By UCSC Public Information
Genetics researchers at UC Santa Cruz said the U.S. Supreme Court’s unanimous ruling that human genes cannot be patented will help keep advanced genetic research from being controlled by private drug and biotechnology companies.
David Haussler, distinguished professor of biomolecular engineering and director of the Center for Biomolecular Science & Engineering, said that if companies were allowed to patent naturally occurring genetic variations, it would greatly inhibit scientific and medical progress.
“The Supreme Court made the right distinction between naturally occurring molecules and synthetic molecules that are engineered by people,” he said. “Understanding genetic variation in humans is fundamental to scientific and medical investigations of cancer and other diseases. People can use that information to create a new therapy or drug, and in that case, when you create a novel molecular combination, that’s a creative act, and you should be able to patent that. But the common genetic inheritance of the human species is not patentable.”
The Supreme Court case involved patents on two genes, known as BRCA1 and BRCA2, used in genetic testing for cancer risk. Certain mutations in these genes greatly increase the risk of breast and ovarian cancers. Due to the patents, however, options for testing were limited and expensive.
“This is an important win for the biosciences and industry,” said Jenny Reardon, co-director of UCSC’s Science and Justice Research Center. “Undoubtedly the decision will make the BRCA genetic testing more affordable and thus accessible to more women. However, the ruling is also a win for many genetic testing services that seek to provide testing across the genome.”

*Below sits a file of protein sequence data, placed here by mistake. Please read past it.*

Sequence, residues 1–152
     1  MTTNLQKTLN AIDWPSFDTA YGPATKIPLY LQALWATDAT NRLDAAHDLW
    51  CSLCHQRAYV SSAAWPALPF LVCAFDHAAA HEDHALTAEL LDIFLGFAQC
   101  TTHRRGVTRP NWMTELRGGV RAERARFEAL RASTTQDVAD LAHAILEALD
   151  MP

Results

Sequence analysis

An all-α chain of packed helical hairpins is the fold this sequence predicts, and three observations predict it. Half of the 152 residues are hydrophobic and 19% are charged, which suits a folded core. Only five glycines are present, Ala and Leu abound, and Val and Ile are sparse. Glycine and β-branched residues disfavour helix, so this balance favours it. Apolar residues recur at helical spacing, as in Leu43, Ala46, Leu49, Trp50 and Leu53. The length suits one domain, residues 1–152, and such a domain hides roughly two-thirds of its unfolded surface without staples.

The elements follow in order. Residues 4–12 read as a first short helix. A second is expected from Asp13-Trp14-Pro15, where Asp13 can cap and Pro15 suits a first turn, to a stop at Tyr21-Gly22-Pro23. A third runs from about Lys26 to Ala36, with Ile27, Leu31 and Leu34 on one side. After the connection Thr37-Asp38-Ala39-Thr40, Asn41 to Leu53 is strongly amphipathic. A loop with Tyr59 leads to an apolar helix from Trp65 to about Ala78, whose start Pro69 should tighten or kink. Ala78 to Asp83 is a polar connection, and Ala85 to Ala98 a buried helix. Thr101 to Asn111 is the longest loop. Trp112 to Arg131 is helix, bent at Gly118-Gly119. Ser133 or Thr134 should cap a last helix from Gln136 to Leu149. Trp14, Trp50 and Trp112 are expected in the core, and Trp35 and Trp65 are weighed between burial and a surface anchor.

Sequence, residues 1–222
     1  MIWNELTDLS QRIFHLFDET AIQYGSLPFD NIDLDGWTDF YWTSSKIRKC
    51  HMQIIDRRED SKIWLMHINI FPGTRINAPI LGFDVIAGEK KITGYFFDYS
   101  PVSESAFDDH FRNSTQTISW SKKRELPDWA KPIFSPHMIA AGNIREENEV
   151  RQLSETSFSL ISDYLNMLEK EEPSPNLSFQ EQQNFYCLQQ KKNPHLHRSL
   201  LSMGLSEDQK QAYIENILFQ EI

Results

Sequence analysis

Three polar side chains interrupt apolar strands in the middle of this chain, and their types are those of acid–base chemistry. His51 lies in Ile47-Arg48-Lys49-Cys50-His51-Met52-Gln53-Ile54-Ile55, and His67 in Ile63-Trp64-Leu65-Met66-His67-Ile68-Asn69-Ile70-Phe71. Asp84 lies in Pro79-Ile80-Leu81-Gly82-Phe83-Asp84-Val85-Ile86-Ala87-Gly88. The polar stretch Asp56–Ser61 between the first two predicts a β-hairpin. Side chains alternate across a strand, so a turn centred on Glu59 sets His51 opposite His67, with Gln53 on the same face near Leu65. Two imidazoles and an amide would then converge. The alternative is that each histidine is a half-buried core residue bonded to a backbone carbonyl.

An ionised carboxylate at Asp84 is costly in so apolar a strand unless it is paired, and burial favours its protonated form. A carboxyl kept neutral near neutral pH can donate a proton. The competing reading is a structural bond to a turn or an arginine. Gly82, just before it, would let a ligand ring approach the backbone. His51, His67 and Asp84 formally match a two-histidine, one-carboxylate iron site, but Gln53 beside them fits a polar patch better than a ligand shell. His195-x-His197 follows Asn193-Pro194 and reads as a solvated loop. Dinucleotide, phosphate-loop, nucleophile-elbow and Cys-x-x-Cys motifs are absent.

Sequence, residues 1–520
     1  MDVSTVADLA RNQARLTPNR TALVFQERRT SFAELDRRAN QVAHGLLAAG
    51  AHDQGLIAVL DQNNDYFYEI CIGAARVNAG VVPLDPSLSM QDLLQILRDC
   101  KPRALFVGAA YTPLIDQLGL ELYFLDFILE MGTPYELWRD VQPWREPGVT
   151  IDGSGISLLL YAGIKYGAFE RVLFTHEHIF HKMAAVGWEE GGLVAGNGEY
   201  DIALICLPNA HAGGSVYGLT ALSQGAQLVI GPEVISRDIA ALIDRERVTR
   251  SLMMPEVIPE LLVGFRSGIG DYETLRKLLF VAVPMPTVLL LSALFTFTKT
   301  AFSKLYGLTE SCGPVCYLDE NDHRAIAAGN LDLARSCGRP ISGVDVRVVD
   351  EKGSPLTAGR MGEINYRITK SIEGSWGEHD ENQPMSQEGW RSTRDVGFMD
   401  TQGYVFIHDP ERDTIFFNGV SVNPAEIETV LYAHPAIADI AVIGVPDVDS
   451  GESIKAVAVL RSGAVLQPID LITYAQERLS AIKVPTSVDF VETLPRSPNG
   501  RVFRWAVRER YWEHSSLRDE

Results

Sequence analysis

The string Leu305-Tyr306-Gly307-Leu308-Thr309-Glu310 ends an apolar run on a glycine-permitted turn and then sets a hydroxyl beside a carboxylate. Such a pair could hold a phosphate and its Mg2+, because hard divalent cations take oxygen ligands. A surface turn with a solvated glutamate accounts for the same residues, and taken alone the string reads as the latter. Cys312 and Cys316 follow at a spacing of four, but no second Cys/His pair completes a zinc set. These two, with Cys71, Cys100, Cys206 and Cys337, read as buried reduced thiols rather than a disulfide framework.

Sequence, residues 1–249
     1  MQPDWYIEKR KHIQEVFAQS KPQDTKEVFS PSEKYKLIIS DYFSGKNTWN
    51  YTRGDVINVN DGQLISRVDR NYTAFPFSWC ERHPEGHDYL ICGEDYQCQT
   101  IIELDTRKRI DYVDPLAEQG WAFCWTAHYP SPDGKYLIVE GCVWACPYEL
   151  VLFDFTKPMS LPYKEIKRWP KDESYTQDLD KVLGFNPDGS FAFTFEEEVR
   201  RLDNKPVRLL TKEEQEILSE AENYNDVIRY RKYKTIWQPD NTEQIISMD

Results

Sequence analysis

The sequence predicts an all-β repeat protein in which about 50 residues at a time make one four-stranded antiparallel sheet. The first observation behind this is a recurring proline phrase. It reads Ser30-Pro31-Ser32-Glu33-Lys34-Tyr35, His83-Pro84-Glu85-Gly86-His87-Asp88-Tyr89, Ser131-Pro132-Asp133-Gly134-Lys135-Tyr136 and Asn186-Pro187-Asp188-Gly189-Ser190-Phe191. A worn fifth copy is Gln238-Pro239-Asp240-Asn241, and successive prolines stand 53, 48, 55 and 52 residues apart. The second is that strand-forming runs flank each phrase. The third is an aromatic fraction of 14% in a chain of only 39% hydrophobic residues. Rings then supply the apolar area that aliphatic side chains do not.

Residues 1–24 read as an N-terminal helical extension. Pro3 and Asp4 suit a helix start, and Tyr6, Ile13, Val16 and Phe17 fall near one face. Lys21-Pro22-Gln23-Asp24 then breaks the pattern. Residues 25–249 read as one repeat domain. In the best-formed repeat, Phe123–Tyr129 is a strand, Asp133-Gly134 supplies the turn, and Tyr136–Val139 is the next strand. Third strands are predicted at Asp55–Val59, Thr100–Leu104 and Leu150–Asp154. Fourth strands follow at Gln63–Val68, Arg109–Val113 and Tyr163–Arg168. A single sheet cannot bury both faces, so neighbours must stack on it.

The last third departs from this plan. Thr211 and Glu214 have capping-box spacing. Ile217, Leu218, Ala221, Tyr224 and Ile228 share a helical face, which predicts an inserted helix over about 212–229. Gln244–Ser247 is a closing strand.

Reardon is an associate professor of sociology and faculty affiliate in the Center for Biomolecular Science & Engineering where she studies science and society.
When Haussler’s group began its work on the Human Genome Project in 1999, the potential privatization of the human genome was a very real concern. The public consortium that Haussler had just joined was in a race with a private company, Celera Genomics, to determine the complete DNA sequence of the human genome. Haussler’s team assembled the first working draft of the human genome sequence in June 2000, just days before Celera completed its first assembly, and published it shortly thereafter on a UCSC web site.
“Companies were already trying to lock up gene patents, and we felt that would be detrimental to science,” Haussler said. “The public consortium’s strategy was to get the information out and make it public before it was patented, and we accomplished that in July 2000 when we released the first draft of the human genome from Santa Cruz without any patent claims, free to the world.”
Reardon said that “as tremendous advances in sequencing technologies have made whole genome sequencing possible and feasible, and it has become clear that to address most disease looking across the genome, and not at single genes, is key, gene patents hinder many in the industry.”
While the court’s ruling addressed one of the property issues raised by genomics, Reardon said, “in some ways it was the easiest one. What lies ahead will be much less clear and more complicated decisions about who can own and control genomic data.”
Reardon is at work on her second book, The Post-Genomic Condition: Ethics, Justice, Knowledge After the Genome.